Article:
Much of the financial services space has been experiencing breakneck change, driven by the new technologies aimed at transforming the customer experience.
The pace of tech-driven change across much of the mortgage industry, in contrast, has been comparatively glacial, according to experts such as Dan Sachar, Managing Director of New Valley Ventures.
Property tech “is a good number of years behind the maturity of other spaces. Fintech, for example, has already dramatically re-shaped the world of wealth management, with many traditional wealth management businesses forced to adopt new technologies or fail.”
“But proptech still is relatively nascent in its lifecycle, with a long way to go,” notes Sachar, who runs the proptech investing arm of Vector Group, Ltd. (NYSE: VGR), the parent company of Douglas Elliman, one of the largest residential real estate brokerages in the country.
Some of the mortgage industry firms that have been slowest to change, in Sachar’s opinion, are mortgage servicers. These are the companies that handle all day-to-day administrative matters related to a mortgage, from sending monthly statements to collecting payments and late fees, in exchange for monthly fees on each loan they support.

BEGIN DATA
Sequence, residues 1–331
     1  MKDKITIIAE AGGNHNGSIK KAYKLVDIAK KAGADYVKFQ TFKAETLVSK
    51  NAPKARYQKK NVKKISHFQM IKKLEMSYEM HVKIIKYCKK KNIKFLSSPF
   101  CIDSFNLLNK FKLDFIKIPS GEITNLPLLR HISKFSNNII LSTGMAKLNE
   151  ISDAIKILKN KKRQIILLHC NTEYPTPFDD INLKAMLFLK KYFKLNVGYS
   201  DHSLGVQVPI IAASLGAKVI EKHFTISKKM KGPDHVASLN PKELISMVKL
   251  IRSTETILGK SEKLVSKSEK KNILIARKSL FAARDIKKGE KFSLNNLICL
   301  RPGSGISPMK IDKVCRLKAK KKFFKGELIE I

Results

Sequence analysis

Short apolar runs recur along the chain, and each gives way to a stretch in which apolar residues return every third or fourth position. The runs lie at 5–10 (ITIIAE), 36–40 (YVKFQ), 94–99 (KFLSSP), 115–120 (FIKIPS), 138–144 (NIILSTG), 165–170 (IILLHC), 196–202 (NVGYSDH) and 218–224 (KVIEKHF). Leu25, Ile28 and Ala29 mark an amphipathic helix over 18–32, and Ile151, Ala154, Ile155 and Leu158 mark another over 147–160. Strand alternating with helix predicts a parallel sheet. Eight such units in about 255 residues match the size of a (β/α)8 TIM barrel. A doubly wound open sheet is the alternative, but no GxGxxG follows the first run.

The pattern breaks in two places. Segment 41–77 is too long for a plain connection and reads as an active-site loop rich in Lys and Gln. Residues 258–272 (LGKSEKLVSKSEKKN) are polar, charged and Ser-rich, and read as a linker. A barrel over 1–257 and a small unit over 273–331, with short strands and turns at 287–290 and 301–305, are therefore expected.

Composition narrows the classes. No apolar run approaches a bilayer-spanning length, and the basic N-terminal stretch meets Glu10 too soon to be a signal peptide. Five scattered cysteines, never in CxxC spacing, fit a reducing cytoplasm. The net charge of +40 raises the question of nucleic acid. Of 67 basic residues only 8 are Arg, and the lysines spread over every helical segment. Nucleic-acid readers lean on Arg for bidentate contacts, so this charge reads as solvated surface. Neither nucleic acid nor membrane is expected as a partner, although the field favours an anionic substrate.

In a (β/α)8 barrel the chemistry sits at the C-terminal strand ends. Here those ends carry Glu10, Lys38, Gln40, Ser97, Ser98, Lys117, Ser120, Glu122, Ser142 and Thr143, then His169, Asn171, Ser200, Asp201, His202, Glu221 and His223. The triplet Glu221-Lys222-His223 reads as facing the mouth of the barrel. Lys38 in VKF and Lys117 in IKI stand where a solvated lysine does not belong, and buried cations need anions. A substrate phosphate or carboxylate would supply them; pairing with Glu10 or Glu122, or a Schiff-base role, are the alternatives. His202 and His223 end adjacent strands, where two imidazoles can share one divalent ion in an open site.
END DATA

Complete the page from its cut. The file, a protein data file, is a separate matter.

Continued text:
With many mortgage originators selling servicing rights for loans to third-party servicers, the servicer segment over the years has become overwhelmingly focused on volume and speedy business processing, versus adopting new tech-enabled tools and strategies to elevate the experience servicers offer to homeowners.
“In this day and age, sticking to the basic set of functions as a mortgage servicing company means losing out on potential growth opportunities,” said Sachar. “Think about the amount of data and insights a servicer has on its user base. Why not refine that model and then use the relationship to deliver other needed services?”
One company that is ahead of the pack in aligning around that same perspective is Homepoint (NASDAQ: HMPT), the third-largest wholesale mortgage lender in the United States.